of 1/125sec. Iets in twice as much light as a setting of 1/250sec
and only half as much light as 1/60sec An aperture setting of
f/11 lets in twice as much light as f/16, half as much as f/8 Thus,
if the correct exposure for a particular picture-taking situation is
1/500 at f/4, then 1/250 at f/5.6 or 1/125 at f/8 will give the same
exposure.
The table above is one example showing the interrelationship
between shutter speed and aperture. Each combination
produces correct exposure but the effects of the pictures are
quite different. The best combination will depend on the results
you want. Fast shutter speeds freeze motion while slow speeds
produce a deliberate blur. Also, small apertures give greater
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1/125
1/60
1/30
8
11
16
depth of field, while large apertures restrict the zone of sharp
focus to the main subject. (Refer to page 48 for details on depth
of field.)
A good rule to follow in preventing camera shake is to select a
shutter speed which is never slower than the reciprocal of the
focal length of the lens in use For example, when using a norma
50mm lens, select a speed no slower than 1/60sec (the closest
number to 1/50). For a 200 mm super-telephoto, use no less
than 1/250 sec., and so forth.
If a slow shutter speed is necessary or the camera selects one
in the automatic exposure modes, attach the camera to a tripod
As an alternative, use an electronic f ash or change to faster film
A fast shutter speed of 1/4000sec.
stops the water in midair.
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At a slow 1/30sec.
the water comes out a blur.
47
TECHNICAL INFORMATION/PHOTOGRAPHY TECHNIQUES
continued
DEPTH OF FIELD
When you shoot at a certain aperture and focusing distance,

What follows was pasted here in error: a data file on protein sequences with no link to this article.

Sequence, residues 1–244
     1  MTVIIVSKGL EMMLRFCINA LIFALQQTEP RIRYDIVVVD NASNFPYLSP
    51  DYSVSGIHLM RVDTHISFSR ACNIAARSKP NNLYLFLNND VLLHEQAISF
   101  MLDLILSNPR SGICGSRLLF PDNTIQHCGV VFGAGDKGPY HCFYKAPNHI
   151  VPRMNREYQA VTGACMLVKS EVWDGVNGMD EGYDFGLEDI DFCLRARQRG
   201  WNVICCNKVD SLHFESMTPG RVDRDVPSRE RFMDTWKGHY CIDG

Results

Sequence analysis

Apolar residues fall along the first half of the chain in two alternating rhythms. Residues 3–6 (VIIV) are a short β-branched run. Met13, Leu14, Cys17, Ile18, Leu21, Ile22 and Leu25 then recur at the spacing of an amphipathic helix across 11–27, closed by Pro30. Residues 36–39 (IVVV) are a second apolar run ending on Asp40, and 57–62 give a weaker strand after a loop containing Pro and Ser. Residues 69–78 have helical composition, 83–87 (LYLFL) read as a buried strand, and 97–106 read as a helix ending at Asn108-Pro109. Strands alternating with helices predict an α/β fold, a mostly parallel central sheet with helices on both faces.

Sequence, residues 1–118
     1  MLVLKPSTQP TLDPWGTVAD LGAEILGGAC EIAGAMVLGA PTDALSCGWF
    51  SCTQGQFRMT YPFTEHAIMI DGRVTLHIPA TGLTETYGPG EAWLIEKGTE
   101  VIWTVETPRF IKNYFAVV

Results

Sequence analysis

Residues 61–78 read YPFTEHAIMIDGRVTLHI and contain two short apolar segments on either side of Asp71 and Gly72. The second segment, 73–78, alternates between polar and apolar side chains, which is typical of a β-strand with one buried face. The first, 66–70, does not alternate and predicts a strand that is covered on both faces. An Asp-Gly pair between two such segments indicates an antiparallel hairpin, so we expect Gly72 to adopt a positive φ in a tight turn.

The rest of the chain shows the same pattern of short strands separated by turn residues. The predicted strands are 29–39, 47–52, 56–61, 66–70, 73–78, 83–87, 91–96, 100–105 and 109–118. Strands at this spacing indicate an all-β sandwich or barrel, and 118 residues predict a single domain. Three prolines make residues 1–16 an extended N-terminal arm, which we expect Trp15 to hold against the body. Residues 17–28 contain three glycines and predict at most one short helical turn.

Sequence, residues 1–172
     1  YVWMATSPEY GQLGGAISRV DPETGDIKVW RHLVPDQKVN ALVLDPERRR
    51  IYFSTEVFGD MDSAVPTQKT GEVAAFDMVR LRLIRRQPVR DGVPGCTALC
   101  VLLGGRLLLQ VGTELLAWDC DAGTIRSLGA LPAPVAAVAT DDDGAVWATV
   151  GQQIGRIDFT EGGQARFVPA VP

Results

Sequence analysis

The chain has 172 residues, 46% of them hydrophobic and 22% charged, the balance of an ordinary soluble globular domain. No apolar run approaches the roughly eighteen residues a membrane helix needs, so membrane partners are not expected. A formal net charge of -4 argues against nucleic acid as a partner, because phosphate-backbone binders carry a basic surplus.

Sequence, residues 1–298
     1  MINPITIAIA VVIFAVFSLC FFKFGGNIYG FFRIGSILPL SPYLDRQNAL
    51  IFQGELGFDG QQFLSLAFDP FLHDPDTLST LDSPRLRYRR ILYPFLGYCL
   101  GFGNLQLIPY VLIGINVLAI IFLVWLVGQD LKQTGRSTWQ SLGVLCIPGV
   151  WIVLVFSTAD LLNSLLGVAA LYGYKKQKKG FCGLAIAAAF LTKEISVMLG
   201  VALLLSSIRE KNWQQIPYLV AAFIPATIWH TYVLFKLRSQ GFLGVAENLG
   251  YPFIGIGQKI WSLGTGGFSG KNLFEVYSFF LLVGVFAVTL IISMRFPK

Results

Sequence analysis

you will find that not only the main subject but also objects
within a certain range in front of and behind it will be sharp in the
final photograph This in focus zone'' is known as depth of field
Objects beyond this range become increasingly out of focus.
When the zone of sharpness is large, depth of field is deep:
when it is small. depth of field is shallow.The following is true of
depth of field:
1) The smaller the shooting aperture (i.e., the larger the
numerical f-number), the deeper the depth of field; the larger
the aperture, the she lower the depth of field.
2) The farther away the subject is from the lens, the deeper the
depth of field becomes; the closer to the lens, the shallower
the depth of field.
3) The longer the focal length of a lens, the shallower the depth
of field at each f/stop, the shorter the focal length, the
deeper the depth of field.
4) There is greater depth of field behind the main subject than in
front of it.
The depth of field at each aperture is indicated on the lens by a
set of color-coded lines 62 (corresponding to the colors of the fnumbers on the aperture ring 65 ) which are used in conjunction
with the distance scale 63 on the focusing ring 45 ). The range
is indicated by the distance between the lines.
When a lens with an automatic diaphragm is used, the image in
the viewfinder is viewed with the lens at maximum aperture.
However, when the depth-of-field preview lever's is pushed
down, the lens will be stopped down to the aperture set,
enabling you to examine depth of field before shooting The
image in the viewfinder darkens according to the selected
f-number, the smaller the aperture, the darker the image.
Portions of the picture that appear in focus when the lever is
pushed down-will be in the zone of sharp focus.
Note that the lever should be depressed all the way.
This lever is also used for stop-down exposure measurement
(refer to page 54.)
• Certain Zoom-, Reflex-, and PC-Nikkor lenses do not have a
depth-of-field scale
• Pushing the lever automatically changes the metering method
from automatic multi-pattern to centerweighted
• Depth-of-field can be previewed only in the A and M modes
48
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Lens set at f/2